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Friday, August 21, 1891

     7:55 P.M. Often go to W.'s after last trip to Post Office. Tonight sitting up—reading Symonds. Talked of many things. I asked, "Does it not seem remarkable, how much the critic is made of in Lowell. Won't that fix his place?" W. asked, "Did you interpret it that way? So did I—it is a fact to note."

     Returned me Doctor's long letter. Had written on it in red ink "Visit to Tennyson." "Yes, I read it again. I think I have it down fine. Do you take good care of it, Horace. By and by it will need to be used—who knows? Especially with what Doctor will want to add to it, and his letter to you supplementally." And then W. laughed merrily, "A funny incident—Doctor tripped up on his Americanisms. How did you construe that? I hoped Doctor would state a case." I suggested that he did—the "awfully" having escaped W. Now he took it all in. "How blind—not to see that! But it's sometimes the Doctor's damned writing. How good—good! And characteristic of a simple honest nature. What we will learn of Tennyson after all!—that he was simple as the rest of us!"
49 Comeragh Road, West Kensington,
London W., England
Monday 10 Aug '91

On Saturday I went again to the Smiths' at Haslemere. Mrs. C. was (and is) away on the Continent (Mr. C. too). I had plenty of talk with Mr., Mrs., and Alys & Logan S. Logan desired me to send his love to you he is very friendly to you, Mr. S. only moderately so & Mrs. & A.S. not at all as far as I can find out. Mrs. C. I believe is in her heart friendly but "for reasons" she says nothing. This matter is too delicate to write about even to you but I will tell you all when we meet abt. 2d or 3d Sept. When I returned to town today I found your letters & card of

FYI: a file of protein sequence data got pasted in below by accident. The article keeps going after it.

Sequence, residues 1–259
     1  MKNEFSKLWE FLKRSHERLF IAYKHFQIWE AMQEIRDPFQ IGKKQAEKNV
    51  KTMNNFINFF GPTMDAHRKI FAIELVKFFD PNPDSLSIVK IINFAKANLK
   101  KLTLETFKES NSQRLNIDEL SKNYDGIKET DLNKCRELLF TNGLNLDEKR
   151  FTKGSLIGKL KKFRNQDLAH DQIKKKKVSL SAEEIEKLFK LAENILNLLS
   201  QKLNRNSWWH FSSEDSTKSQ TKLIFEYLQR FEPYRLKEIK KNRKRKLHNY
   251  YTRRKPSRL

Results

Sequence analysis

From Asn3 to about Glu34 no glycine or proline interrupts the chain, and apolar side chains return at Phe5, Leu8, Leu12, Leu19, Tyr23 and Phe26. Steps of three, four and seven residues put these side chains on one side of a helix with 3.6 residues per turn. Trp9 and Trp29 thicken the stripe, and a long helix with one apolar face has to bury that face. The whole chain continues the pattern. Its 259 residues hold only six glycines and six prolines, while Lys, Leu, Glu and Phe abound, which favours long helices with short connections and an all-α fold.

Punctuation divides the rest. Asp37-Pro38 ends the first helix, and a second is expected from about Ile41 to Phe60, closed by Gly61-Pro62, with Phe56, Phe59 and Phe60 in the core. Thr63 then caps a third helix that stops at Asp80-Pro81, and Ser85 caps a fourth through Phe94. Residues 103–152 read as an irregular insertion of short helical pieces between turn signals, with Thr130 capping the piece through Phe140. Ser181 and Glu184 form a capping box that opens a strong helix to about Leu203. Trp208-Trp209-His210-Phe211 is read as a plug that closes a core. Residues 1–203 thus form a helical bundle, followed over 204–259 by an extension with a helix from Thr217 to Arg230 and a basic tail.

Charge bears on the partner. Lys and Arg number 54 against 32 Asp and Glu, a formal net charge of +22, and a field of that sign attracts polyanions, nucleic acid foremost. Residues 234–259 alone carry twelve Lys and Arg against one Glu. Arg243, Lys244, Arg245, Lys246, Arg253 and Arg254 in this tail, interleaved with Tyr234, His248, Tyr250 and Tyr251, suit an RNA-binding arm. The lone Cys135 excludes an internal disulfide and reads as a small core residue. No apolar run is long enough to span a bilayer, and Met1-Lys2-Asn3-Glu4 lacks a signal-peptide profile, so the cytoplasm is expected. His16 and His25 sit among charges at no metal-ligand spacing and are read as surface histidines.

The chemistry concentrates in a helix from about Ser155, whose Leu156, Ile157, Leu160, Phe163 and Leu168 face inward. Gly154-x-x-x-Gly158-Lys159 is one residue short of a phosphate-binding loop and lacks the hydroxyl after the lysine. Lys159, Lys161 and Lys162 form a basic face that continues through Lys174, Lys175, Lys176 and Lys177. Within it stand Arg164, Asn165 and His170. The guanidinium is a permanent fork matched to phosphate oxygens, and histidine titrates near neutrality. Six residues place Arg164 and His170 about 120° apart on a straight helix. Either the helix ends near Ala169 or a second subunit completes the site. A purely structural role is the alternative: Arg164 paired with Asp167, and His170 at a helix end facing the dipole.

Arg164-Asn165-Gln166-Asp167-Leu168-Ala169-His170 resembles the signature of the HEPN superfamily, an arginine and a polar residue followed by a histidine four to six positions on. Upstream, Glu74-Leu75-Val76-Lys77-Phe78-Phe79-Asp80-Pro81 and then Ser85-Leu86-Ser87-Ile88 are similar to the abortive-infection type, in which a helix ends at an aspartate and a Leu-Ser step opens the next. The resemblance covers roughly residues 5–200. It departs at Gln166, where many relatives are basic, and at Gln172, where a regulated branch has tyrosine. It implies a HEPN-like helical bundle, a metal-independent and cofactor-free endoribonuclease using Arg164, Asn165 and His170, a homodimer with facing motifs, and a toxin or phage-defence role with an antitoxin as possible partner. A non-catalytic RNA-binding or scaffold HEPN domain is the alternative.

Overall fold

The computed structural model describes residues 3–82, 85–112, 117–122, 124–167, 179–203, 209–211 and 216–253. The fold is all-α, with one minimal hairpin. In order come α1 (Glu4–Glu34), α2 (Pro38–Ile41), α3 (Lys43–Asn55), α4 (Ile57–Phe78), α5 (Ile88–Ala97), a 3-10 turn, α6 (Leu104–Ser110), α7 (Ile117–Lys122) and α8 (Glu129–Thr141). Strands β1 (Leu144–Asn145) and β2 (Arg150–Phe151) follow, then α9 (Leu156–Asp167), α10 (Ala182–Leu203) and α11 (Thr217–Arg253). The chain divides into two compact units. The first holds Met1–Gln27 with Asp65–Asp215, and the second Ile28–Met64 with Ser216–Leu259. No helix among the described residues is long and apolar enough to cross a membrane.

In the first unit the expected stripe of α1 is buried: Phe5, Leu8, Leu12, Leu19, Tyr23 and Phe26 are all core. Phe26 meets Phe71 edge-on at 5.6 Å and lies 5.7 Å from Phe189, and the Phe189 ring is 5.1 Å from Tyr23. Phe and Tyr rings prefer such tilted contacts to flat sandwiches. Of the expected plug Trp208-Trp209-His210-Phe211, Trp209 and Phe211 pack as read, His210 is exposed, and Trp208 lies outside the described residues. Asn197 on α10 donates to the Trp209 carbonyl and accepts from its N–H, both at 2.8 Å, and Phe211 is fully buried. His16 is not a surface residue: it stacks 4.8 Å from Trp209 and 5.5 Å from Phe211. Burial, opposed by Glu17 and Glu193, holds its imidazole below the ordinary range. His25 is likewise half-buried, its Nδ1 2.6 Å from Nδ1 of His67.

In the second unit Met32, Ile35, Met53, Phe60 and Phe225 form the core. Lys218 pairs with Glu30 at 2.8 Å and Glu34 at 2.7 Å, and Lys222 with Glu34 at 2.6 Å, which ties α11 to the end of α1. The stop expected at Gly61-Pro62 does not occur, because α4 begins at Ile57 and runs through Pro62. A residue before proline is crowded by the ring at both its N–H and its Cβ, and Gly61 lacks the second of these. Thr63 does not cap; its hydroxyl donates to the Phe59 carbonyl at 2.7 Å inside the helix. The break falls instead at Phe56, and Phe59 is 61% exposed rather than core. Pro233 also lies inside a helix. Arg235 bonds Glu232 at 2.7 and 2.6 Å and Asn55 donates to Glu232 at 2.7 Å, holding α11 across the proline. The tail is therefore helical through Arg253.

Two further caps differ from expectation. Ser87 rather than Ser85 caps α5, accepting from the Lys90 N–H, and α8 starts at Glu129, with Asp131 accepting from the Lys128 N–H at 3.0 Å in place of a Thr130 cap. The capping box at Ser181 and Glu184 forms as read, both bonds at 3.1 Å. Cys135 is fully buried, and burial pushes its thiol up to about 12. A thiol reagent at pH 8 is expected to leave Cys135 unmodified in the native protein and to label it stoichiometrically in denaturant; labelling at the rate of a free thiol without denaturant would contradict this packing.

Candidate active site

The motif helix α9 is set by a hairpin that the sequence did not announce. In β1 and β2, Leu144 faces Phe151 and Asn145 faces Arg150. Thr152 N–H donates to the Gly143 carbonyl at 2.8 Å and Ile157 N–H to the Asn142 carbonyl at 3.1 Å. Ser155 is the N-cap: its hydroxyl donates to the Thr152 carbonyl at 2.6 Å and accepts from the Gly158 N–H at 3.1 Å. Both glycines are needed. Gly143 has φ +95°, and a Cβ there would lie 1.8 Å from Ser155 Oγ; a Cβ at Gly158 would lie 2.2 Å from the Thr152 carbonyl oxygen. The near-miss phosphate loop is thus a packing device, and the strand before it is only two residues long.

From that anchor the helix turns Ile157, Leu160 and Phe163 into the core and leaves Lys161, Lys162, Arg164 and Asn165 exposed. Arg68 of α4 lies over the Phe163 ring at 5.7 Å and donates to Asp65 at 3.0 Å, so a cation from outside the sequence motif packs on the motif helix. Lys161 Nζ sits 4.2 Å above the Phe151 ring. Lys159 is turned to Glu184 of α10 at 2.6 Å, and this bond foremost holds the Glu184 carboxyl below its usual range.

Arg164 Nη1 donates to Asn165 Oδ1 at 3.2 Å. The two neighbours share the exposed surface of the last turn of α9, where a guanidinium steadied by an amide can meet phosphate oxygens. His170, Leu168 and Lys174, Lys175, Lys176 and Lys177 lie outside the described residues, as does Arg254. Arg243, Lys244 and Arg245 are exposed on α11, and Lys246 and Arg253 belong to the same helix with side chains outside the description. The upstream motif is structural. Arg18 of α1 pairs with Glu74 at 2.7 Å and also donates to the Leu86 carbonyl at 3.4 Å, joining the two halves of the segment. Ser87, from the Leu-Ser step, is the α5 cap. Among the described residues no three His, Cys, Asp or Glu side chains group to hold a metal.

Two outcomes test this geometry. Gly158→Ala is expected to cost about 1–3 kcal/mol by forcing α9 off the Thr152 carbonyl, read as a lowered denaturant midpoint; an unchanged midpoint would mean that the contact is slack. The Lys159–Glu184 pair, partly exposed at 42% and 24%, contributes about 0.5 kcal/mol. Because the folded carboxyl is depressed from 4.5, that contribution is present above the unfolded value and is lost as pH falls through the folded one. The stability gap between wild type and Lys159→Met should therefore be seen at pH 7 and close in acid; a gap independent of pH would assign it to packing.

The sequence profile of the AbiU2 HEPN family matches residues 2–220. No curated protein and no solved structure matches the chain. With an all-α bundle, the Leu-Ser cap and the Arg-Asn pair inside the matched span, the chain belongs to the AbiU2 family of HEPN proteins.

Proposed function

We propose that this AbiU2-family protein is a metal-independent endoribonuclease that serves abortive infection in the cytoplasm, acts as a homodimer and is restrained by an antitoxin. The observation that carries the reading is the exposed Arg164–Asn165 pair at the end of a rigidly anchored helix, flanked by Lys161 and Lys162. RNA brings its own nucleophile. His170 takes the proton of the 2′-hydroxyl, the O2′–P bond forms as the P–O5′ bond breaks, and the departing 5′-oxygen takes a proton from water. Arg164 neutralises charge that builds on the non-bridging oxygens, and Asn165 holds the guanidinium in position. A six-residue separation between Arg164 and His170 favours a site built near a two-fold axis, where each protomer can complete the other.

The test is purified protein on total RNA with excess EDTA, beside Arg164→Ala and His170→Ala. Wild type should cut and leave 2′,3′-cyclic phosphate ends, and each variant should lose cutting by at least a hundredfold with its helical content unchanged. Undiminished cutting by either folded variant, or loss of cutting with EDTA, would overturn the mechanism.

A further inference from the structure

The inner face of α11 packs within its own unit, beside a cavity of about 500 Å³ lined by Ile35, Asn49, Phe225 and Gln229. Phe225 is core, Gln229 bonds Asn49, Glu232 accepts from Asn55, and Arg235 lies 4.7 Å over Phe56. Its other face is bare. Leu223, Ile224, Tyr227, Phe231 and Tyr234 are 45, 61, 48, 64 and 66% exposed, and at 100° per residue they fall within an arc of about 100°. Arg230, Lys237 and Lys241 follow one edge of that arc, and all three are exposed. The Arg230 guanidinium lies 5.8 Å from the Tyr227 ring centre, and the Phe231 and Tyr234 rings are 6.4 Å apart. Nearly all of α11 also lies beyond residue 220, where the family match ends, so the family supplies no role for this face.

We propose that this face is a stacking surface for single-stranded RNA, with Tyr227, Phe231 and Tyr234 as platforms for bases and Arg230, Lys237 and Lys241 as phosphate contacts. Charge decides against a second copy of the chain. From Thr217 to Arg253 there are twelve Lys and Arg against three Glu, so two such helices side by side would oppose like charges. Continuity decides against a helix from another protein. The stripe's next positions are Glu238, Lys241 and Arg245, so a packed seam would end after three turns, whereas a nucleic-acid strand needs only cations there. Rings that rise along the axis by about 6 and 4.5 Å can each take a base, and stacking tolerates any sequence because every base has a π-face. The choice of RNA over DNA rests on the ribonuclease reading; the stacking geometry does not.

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24th, 26th & 29th and a couple of letters from H. besides letters from home etc. I am well pleased to see that you keep, if not fairly, at least not markedly worse and I hope to find you "right side up with care" on my return about 2d Sept. (not a very long time now). I have the "Lip." and find that the "Dinner Piece" comes out well—I think it as good an ad. as we have had. But the main thing I want to talk about to you today is my visit yesterday to Lord Tennyson. I was (as I have said) at Mr. S.s and he sent me with a man & buggy to L. T.s place some 5 ms. away. I drove thru one of the wildest and most beautiful pieces of country (in a drizzling rain) that I have seen any where, hills, woods, brush, every-where but with splendid English roads to drive on. Got to T.s place (a fine almost stately mansion) a little before 4 P.M., got out, rang the bell—a footman opened the door, I gave him your letter and my card & said "please give these to Lord Tennyson." He left me in the hall and disappeared in the house—soon he came back and conducted me into a room on the ground floor to the left of the main hall. I went in and sat down, in a few minutes a quite young looking and handsome man came in—he held out his hand to me and said "Good day Dr. B." I shook hands with him saying at the same time "You are Hallam Tennyson?" He said he was and we had a little talk—then after saying that "his father" was sleeping—that he always lays down for a couple of hours in the afternoon & would not be up until 5 o'c., he asked me if I would wait. I said certainly I would wait if he thought L. T. would see me. He said "I don't know, but I would like you to wait" then he asked me if I would step in and see Lady T. I said I shd be very happy to do so. He took me to the next room where L. T. was lying on a sofa—a very pale & delicate but a very spiritual, intellectual & pleasing face. I sat down by her sofa and we talked for a good half hour about Canada & the Canadians—about the late Sir John Macdonald, about Carlyle & Mrs. C. (she said they were not understood, that Froude's book did them injustice—that they were greatly attached to one another etc. She said she had seen Mrs. C. once when some disparaging remark was made about C. burst into tears) and other things—then Hallam asked me to go with him upstairs to see Mrs. Tennyson. I went (of course)—Mrs. T. is a very young looking and almost beautiful woman with an air of considerable distinction. She received me in a half stately but very kind manner and we had quite a little talk. (I had been at least half an hour with Lady T. and it was now nearly 5 o'c.). A little before 5 Hallam asked me to go with him to